The first major biography of an American icon, comedian Bill Cosby. Based on extensive research and in-depth interviews with Cosby and more than sixty of his closest friends and associates, it is a frank, fun and fascinating account of his life and historic legacy.
Far from the gentle worlds of his routines or TV shows, Cosby grew up in a Philadelphia housing project, the son of an alcoholic, largely absent father and a loving but overworked mother. With novelistic detail, award winning journalist Mark Whitaker tells the story of how, after dropping out of high school, Cosby turned his life around by joining the Navy, talking his way into college, and seizing his first breaks as a stand-up comedian.
Published on the 30th anniversary of The Cosby Show, the book reveals the behind-the-scenes story of that groundbreaking sitcom as well as Cosby’s bestselling albums, breakout role on I Spy, and pioneering place in children’s TV. But it also deals with professional setbacks and personal dramas, from an affair that sparked public scandal to the murder of his only son, and the private influence of his wife of fifty years, Camille Cosby.
Whitaker explores the roots of Cosby’s controversial stands on race, as well as “the Cosby effect” that helped pave the way for a black president. For any fan of Bill Cosby’s work, and any student of American television, comedy, or social history, Cosby: His Life and Times is an essential read.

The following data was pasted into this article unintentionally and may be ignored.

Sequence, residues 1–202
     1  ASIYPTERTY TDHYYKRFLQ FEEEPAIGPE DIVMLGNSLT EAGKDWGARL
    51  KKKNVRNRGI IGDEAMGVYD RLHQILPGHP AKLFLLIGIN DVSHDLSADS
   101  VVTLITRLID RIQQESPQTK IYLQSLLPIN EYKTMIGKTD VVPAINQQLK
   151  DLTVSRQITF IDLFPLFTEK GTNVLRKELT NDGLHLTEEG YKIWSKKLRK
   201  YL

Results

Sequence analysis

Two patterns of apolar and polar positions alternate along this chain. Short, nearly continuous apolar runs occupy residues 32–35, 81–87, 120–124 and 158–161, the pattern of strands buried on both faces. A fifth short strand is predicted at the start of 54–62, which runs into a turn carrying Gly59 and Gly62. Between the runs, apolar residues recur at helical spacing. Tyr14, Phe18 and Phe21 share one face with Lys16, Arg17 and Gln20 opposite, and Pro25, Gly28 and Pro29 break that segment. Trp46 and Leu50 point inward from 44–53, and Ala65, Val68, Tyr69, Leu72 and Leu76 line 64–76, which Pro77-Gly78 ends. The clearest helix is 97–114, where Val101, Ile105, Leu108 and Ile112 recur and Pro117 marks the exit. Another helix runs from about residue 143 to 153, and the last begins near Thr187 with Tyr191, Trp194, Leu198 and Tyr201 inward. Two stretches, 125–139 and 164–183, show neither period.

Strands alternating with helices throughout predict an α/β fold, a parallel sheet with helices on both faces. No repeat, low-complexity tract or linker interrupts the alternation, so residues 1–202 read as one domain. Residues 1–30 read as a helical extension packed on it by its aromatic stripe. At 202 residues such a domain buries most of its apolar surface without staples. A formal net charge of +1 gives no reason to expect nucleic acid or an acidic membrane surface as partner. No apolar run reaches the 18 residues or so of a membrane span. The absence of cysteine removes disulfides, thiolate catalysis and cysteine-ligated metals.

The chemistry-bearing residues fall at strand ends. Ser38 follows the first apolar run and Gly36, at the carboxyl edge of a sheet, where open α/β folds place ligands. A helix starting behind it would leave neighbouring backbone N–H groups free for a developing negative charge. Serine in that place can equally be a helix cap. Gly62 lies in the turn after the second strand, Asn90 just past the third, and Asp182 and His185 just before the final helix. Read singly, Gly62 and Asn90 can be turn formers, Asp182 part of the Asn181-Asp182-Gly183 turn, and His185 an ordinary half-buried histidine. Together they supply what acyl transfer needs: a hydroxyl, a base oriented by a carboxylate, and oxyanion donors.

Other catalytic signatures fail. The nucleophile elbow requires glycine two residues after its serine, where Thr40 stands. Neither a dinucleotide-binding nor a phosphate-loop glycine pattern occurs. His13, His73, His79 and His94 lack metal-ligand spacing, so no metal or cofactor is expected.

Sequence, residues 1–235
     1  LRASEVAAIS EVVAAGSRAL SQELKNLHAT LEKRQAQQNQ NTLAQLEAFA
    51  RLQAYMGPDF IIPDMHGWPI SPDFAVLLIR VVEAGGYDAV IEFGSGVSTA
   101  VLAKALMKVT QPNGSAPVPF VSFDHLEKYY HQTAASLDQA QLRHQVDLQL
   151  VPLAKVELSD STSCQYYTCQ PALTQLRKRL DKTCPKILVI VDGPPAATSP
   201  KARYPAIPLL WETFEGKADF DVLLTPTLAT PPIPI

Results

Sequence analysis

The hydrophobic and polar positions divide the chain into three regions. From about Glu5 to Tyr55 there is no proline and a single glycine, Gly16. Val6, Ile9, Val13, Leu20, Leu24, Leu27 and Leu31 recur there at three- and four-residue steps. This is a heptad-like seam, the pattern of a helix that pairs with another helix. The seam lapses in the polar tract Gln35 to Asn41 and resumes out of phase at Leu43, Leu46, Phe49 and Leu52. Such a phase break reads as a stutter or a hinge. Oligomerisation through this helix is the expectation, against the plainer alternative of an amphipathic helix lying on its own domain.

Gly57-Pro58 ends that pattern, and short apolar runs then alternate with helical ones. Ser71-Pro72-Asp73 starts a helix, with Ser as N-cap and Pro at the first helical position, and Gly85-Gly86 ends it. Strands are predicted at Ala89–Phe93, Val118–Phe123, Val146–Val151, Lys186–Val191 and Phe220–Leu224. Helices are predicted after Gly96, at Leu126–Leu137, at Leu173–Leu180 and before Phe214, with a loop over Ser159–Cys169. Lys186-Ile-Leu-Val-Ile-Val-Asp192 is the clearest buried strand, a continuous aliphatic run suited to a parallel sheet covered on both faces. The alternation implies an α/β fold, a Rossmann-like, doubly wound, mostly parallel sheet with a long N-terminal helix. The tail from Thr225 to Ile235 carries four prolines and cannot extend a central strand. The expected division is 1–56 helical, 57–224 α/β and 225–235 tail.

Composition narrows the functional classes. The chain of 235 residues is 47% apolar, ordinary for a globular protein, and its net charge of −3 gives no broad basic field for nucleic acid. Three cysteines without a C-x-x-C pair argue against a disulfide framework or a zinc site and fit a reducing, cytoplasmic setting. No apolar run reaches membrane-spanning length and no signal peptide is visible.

Bill Cosby has his image complicated in this absorbing biography from former Newsweek editor Whitaker (My Long Trip Home), who traces Cosby's rise from poverty in the Philadelphia projects where he lived with a working mom and an alcoholic and largely absent father during his feckless boyhood of academic failure. Cosby achieved success in everything he lacked in youth: wealth and fame as a superstar, a legendary role in The Cosby Show as a prosperous, doting paterfamilias, and a public voice as a crusader for education, personal responsibility, and committed parenting in the African-American community (despite personal missteps that would come back to haunt him). Along the way the author illuminates, with telling detail, Cosby's remarkable achievements as a comedic technician who avoided easy gags and carefully honed his long-form stand-up routines while approaching acting roles with naturalistic improvisation. Cosby has been controversial for being noncontroversial for eschewing edgy racial humor and politics in favor of a warm-hearted inclusiveness that white audiences embraced but Whitaker shows the prickliness beneath the affable exterior and the genuine if sometimes muted concern for civil rights. He makes a persuasive case for Cosby as a groundbreaking comic and a quiet but far-ranging pioneer of black advancement. Photos.
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I just finished chapter four and, like chapter two, the end of the final paragraph was missing. I got to the bottom of the last page and the words stopped in mid-sentence. I flipped the page and found nothing. Just the opening of the next chapter. It's a small thing, but you do feel a little screwed.